(a) and (b) is the 13°C threshold value above which the pollen amount of
temperate oaks reaches high values, independent of mean April
temperature (see Fig. S5 for the deviance profile from the ‘threshold
model’ (Huber, 1964)).
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problematic for the following reasons: insects are able to respond
demographically very quickly to the fluctuations of the resource
(Bogdziewicz et al., 2018b); acorn consumption by insects
severely reduces seed germination success and seedling survival
(Andersson, 1992; Mu~noz et al., 2014; Leiva et al., 2018; Yi
et al., 2019); and several weevil species commonly coexist on the
same individual trees and display widely diverse life-history traits
(Venner et al., 2011; Pelisson et al., 2012, 2013; Rey et al.,
2015), making it difficult for the trees to control the dynamics of
the whole insect community. Efficient control of such insect
diversity is probably tightly linked to strong stochastic compo-
nent in the fruiting dynamics. In temperate oak species, our
results suggest that early phenology would play this pivotal role
in inducing weather conditions most often detrimental to yearly
reproduction, thus making mast-seeding years unpredictable for
seed consumers, and hence maximizing tree fitness. Our results
are therefore in line with the recent proposal by Bogdziewicz
et al. (2019) that the weather conditions causing frequent fruiting
failure are traditionally perceived as negative for plants, but
would help to maximize their lifetime reproductive success.
Under the current phenology of temperate oak species, fruiting
failure is explained much more widely by climatic conditions that
are unfavorable to pollen maturation or diffusion (i.e. the month
following the budburst date) than by the occurrence of late frost
(a)
−10 −8 −6 −4 −2 0 2 4 6
0
50
100
150
200
250
300
350
400
Annual acorn production (m–2 )
Minimum temperatures (°C) occurring
within 30 d before budburst date
Veto No veto
(b)
7 8 9 10111213141516
0
20
40
60
80
100
120
Mean annual acorn production (m−2)
Mean temperatures (°C) at
> 30 d after budburst date
Fig. 3 Sensitivity of fruiting intensity to temperature around budburst date in temperate oak forests (Quercus petraea and/or Quercus robur). (a) Annual
acorn production along the minimum temperatures occurring within 30 d before budburst. The vertical line corresponds to the 5°C threshold value under
which frost is detected causing fruiting failure (see Supporting Information Tables S6 and S7 for results). (b) Mean annual acorn production as a function of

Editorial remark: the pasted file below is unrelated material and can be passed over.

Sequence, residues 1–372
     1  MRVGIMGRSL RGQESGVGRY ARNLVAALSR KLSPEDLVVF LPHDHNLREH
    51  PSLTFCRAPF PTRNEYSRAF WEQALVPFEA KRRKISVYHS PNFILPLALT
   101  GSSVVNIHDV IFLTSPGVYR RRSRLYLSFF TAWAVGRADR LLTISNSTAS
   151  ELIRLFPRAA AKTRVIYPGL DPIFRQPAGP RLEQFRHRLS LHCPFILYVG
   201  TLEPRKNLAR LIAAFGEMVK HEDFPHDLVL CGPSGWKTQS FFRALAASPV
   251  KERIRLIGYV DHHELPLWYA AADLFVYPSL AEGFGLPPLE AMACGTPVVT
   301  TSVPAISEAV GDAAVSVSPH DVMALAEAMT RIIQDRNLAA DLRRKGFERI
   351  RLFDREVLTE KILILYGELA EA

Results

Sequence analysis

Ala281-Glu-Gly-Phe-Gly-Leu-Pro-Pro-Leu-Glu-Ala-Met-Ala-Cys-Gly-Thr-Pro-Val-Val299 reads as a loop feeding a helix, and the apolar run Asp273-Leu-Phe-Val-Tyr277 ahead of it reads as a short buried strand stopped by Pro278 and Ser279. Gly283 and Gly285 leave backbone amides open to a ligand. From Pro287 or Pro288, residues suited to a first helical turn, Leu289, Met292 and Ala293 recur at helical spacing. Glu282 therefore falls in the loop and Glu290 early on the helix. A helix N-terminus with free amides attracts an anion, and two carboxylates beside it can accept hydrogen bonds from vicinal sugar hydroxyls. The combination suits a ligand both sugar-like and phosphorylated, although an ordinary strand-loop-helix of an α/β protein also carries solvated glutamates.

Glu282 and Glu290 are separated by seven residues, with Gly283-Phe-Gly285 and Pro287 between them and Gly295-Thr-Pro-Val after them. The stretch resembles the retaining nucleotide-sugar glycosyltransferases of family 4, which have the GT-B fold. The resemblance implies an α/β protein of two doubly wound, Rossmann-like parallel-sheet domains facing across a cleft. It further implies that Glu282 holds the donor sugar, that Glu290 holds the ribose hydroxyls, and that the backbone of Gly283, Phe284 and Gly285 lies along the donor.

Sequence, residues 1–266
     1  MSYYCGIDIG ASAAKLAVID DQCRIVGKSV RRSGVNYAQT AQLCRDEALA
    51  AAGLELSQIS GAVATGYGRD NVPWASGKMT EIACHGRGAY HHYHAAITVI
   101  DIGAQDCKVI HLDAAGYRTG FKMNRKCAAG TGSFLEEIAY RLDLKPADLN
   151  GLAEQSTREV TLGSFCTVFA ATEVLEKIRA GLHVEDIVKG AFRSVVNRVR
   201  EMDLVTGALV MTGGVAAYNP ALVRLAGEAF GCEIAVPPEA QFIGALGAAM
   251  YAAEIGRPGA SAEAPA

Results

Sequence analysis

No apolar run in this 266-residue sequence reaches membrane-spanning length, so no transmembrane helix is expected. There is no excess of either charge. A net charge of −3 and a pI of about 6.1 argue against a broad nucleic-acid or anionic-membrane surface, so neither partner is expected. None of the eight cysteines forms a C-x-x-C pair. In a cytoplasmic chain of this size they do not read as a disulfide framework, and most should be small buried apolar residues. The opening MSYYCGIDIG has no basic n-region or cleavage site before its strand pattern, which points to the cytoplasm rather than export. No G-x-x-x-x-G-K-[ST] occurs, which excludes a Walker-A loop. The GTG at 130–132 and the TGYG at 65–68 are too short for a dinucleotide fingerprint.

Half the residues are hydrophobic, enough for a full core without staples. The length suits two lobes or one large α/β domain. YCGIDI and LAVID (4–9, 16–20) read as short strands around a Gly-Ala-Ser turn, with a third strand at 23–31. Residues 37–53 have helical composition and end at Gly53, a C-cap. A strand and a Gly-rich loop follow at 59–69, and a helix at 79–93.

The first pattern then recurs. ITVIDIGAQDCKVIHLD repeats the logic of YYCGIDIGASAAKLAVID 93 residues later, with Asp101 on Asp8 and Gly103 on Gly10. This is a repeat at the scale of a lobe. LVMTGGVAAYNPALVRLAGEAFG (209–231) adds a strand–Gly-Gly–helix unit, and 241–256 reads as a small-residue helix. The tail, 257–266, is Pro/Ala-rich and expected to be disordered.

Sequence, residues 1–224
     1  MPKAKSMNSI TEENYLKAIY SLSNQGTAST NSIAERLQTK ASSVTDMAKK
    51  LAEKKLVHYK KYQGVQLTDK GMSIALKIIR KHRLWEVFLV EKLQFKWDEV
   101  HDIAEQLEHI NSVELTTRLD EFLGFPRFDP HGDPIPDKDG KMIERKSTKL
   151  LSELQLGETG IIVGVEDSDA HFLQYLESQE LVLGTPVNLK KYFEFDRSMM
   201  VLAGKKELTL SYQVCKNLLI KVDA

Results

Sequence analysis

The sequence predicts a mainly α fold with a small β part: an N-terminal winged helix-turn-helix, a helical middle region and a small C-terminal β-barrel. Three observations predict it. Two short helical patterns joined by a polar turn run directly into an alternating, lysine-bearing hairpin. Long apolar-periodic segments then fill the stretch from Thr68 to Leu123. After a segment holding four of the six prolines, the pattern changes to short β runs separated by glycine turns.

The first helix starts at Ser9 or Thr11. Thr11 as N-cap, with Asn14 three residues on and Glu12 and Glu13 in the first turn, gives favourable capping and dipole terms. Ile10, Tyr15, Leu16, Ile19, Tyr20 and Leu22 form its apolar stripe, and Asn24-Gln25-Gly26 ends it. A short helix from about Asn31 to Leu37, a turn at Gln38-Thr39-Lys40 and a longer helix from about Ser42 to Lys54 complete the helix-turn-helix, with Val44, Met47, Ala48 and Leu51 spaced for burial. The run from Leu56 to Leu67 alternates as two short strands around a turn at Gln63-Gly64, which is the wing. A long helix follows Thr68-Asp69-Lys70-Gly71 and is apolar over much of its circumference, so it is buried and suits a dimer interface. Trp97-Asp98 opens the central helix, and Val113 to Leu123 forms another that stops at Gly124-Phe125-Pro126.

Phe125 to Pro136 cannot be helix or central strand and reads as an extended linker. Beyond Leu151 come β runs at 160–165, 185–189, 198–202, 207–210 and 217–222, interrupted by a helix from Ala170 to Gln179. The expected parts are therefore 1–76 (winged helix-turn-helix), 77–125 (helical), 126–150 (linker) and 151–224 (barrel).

mean temperatures at >30 d after budburst (i.e. at the time of pollen release; see Fig. S6 for a similar relationship between airborne pollen amount and
mean temperature at >30 d after budburst date) (Table S9). The mean (SE) acorn amounts shown were computed within groups of 10 consecutive
site 9year values once being ranked according to their mean temperature (see Fig. S11, which shows the same relationship with ungrouped data). Shaded
area shows the 95% confidence interval of the model estimates.
020406080100
Early pollen phenology
Population crop size
CVp = 1.39
SES = −2.46
PL M = 1
PM L = 0.034
(a)
0
0.5
1
1.5
020406080100
Current pollen phenology
CVp = 1.23
SES = −4.23
PL M = 1
PM L = 0.25
(b)
0
0.5
1
1.5
020406080100
Late pollen phenology
Time (yr) Time (yr)
Population crop size
CVp = 1.04
SES = −6.60
PL M = 1
PM L = 0.55
(c)
0
0.5
1
1.5
020406080100
Very late pollen phenology
CVp = 0.99
SES = −8.98
PL M = 1
PM L = 0.81
(d)
0
0.5
1
1.5
Fig. 4 Examples of population fruiting
dynamics simulated by our resource budget
model over 100 yr depending of pollen
phenology: (a) earlier; (b) current; (c) later;
and (d) very late. The ‘population crop size’
axis corresponds to the index of the mean
amount of resource allocated to fruiting at
the population level. For each pollen
phenology scenario, the values of the
population coefficient of variation (CVp),
autocorrelation standardized effect size (SES)
and the probabilities P
L/M
of having a lean-
seeding year (L) the year following a mast-
seeding event (M) and P
M/L
of having a
mast-seeding event (M) the year following a
lean-seeding year (L) are indicated (see
legend of Fig. 5 for details on phenology or
masting parameters).
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(the month preceding the budburst date), which is relatively rare
and which would only have minor effects on fruiting dynamics
(see Figs 3a, S9b). Although very early phenology would make
fruiting dynamics even more stochastic (e.g. by reinforcing the
‘environmental veto’ effect of late frost), it would probably be too
costly in terms of fitness, either by producing too rare mast-seed-
ing years or by impairing leaf growth (see later).
Mediterranean oak species are also exposed to greatly diverse
seed consumers whose control is also expected to require stochas-
tic fruiting dynamics. Although not studied here, the fruiting
dynamics of Mediterranean oak species are probably as variable
and stochastic as those of temperate oak species (Bogdziewicz
et al., 2017b). The late flower phenology of Mediterranean oaks
seems to promote weather conditions mainly favorable to pollina-
tion (Fig. 2b). In consequence, the stochastic component of
masting is likely to be independent of weather-driven pollination
failure, instead being a result of severe drought in spring or sum-
mer, resulting in frequent and very high fruit abortion rate (Fer-
nandez-Martinez et al., 2012; Perez-Ramos et al., 2015 (for a
review); Pearse et al., 2015; Bogdziewicz et al., 2017b). In
Mediterranean oak species, the late flower phenology could be a
way of not adding noise to the already very stochastic fruiting
dynamics and, consequently, keeping the frequency of mast-seed-
ing years at a minimum threshold. Overall, the proximate mecha-
nisms of oak masting (i.e. including environmental veto as a